President Barack Obama just joined a growing chorus of activists, musicians and organizations speaking out against North Carolina's anti-LGBT legislation. In Friday's joint media conference with United Kingdom Prime Minister David Cameron, the president said "the laws that have been passed there are wrong and should be overturned."
Obama's remarks came one day after the U.K. issued a travel warning to its citizens about North Carolina and Mississippi. In March, North Carolina Gov. Pat McCrory signed HB2 into law, which blocks trans people from using public restrooms that correspond with their gender identity. Later that month, Mississippi passed a bill that allows businesses to discriminate against LGBT people if it is "consistent with a sincerely held religious belief or moral conviction."
Read and watch a video of the president's remarks below:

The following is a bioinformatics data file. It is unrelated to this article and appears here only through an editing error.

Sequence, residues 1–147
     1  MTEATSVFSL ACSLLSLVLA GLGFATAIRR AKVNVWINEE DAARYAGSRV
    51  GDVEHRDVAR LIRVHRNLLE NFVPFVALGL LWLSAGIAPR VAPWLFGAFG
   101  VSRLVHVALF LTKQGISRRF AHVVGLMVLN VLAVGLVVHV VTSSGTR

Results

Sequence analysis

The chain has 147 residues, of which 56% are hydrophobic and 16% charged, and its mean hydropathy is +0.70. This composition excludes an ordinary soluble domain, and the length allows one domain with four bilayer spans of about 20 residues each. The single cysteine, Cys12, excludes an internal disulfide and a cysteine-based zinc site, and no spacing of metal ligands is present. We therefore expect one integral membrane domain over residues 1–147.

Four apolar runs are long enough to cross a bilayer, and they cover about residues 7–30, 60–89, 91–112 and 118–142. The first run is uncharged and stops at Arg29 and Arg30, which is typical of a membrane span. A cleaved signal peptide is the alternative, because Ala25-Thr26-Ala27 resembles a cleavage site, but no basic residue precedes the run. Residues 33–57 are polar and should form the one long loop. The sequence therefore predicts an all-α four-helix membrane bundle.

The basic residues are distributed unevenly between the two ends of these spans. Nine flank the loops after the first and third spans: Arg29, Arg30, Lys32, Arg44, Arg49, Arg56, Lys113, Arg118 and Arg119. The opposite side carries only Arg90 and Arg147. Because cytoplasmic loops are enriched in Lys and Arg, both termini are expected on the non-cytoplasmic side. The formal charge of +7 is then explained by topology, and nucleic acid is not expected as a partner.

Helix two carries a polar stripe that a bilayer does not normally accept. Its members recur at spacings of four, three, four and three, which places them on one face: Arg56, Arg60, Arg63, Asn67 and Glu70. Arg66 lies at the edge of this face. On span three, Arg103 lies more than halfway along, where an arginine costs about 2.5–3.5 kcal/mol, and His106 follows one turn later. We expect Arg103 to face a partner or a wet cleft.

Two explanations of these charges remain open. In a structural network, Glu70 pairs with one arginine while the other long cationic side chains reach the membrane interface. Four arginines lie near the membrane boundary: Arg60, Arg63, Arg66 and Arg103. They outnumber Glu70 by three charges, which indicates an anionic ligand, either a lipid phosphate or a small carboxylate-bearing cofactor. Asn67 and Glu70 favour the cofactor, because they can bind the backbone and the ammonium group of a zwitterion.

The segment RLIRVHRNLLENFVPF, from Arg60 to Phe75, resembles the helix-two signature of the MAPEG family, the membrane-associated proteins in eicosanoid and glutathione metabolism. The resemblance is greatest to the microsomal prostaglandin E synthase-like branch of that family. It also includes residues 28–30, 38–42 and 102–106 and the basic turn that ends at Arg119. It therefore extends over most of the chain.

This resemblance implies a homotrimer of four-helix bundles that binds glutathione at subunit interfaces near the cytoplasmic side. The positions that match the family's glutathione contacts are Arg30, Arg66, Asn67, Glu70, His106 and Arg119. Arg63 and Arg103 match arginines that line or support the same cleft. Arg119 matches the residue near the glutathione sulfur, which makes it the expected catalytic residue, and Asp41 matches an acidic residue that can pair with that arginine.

I want everybody here in the United Kingdom to know that the people of North Carolina and Mississippi are wonderful people. They are hospitable people. They are beautiful states, and you are welcome and you should come and enjoy yourselves, and I think you'll be treated with extraordinary hospitality. I also think that the laws that have been passed there are wrong and should be overturned, and they're in response to politics, in part. In part, some strong emotions that are generated by people, some of whom are good people, but I just disagree with them when it comes to respecting the equal rights of all people — regardless of sexual orientation, whether they're transgender or gay or lesbian. And although I respect their different viewpoints, I think it's very important for us not to send signals that anybody is treated differently. And I think it's fair to say that we're not unique among countries where, particularly under a federal system in which powers disperse, that there are going to be some localities or local officials that put forward laws that aren't necessarily reflective of a national consensus. But if you guys come to North Carolina or Mississippi, everybody will be treated well."